"No."

            "Have you get anything sharp at all?"

            He thought for a moment.  "Nail clippers."

            I made a despairing face.  "Anything a little more vicious than that?  Because, you see, there is definitely something out here."

            "It's probably just a skunk."

            "Then it's one big skunk.  Its eyes are three feet off the ground."

            "A deer then."

            I nervously threw a stick at the animal, and it didn't move, whatever it was.  A deer would have bolted.  This thing just blinked once and kept staring.

            I reported this to Katz.

            "Probably a buck.  They're not so timid.  Try shouting at it."

            I cautiously shouted at it: "Hey!  You there!  Scat!"  The creature blinked again, singularly unmoved.  "You shout," I said.

            "Oh, you brute, go away, do!"  Katz shouted in merciless imitation.  "Please withdraw at once, you horrid creature."

            "Fuck you," I said and lugged my tent right over to his.  I didn't know what this would achieve exactly, but it brought me a tiny measure of comfort to be nearer to him.

            "What are you doing?"

            "I'm moving my tent."

            "Oh, good plan.  That'll really confuse it."

            I peered and peered, but I couldn't see anything but those two wide-set eyes staring from the near distance like eyes in a cartoon.  I couldn't decide whether I wanted to be outside and dead or inside and waiting to be dead.  I was barefoot and in my underwear and shivering.  What I really wanted--really, really wanted--was for the animal to withdraw.  I picked up a small stone and tossed it at it.  I think it may have hit it because the animal made a sudden noisy start (which scared the bejesus out of me and brought a whimper to my lips) and then emitted a noise--not quite a growl, but near enough.  It occurred to me that perhaps I oughtn't provoke it.

            "What are you doing, Bryson?  Just leave it alone and it will go away."

            "How can you be so calm?"

            "What do you want me to do?  You're hysterical enough for both of us."

            "I think I have a right to be a trifle alarmed, pardon me.  I'm in the woods, in the middle of nowhere, in the dark, staring at a bear, with a guy who has nothing to defend himself with but a pair of nail clippers.  Let me ask you this.  If it is a bear and it comes for you, what are you going to do--give it a pedicure?"

            "I'll cross that bridge when I come to it," Katz said implacably.

            "What do you mean you'll cross that bridge?  We're on the bridge, you moron.  There's a bear out here, for Christ sake.  He's looking at us.  He smells noodles and Snickers and--oh, shit."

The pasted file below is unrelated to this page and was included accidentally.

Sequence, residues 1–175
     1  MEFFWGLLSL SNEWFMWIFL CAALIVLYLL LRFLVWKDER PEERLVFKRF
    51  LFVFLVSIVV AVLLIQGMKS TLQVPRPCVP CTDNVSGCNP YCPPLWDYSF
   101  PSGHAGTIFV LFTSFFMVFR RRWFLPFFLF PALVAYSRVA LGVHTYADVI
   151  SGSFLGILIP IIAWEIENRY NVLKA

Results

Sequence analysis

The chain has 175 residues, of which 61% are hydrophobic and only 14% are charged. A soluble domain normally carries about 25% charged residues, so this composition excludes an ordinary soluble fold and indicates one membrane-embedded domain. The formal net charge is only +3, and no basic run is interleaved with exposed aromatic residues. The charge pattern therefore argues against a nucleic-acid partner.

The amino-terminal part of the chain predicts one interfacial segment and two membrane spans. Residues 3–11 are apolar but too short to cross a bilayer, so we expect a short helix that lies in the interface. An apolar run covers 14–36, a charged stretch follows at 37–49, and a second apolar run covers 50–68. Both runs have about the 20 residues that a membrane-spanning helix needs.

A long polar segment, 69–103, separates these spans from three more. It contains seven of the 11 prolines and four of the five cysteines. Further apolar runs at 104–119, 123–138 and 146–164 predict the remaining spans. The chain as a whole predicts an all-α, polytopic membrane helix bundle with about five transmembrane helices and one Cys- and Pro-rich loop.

"What?"

            "Oh.  Shit."

            "What?"

            "There's two of them.  I can see another pair of eyes."  Just then, the flashlight battery started to go.  The light flickered and then vanished.  I scampered into my tent, stabbing myself lightly but hysterically in the thigh as I went, and began a quietly frantic search for spare batteries.  If I were a bear, this would be the moment I would choose to lunge.

            "Well, I'm going to sleep," Katz announced.

            "What are you talking about?  You can't go to sleep."

            "Sure I can.  I've done it lots of times."  There was the sound of him rolling over and a series of snuffling noises, not unlike those of the creature outside.

            "Stephen, you can't go to sleep," I ordered.  But he could and he did, with amazing rapidity.

            The creature--creatures, now--resumed drinking, with heavy lapping noises.  I couldn't find any replacement batteries, so I flung the flashlight aside and put my miner's lamp on my head, made sure it worked, then switched it off to conserve the batteries.  Then I sat for ages on my knees, facing the front of the tent, listening keenly, gripping my walking stick like a club, ready to beat back an attack, with my knife open and at hand as a last line of defense.  The bears--animals, whatever they were--drank for perhaps twenty minutes more, then quietly departed the way they had come.  It was a joyous moment, but I knew from my reading that they would be likely to return.  I listened and listened, but the forest returned to silence and stayed there.

            Eventually I loosened my grip on the walking stick and put on a sweater--pausing twice to examine the tiniest noises, dreading the sound of a revisit--and after a very long time got back into my sleeping bag for warmth.  I lay there for a long time staring at total blackness and knew that never again would I sleep in the woods with a light heart.

            And then, irresistibly and by degrees, I fell asleep.

            ISBN: 9780307279460
            ISBN-10: 0307279464
            Audience: General
            Format: Paperback
            Language: English
            Number Of Pages: 397
            Published: 26th December 2006
            Dimensions (cm): 17.7 x 11.3  x 2.8
            Weight (kg): 0.2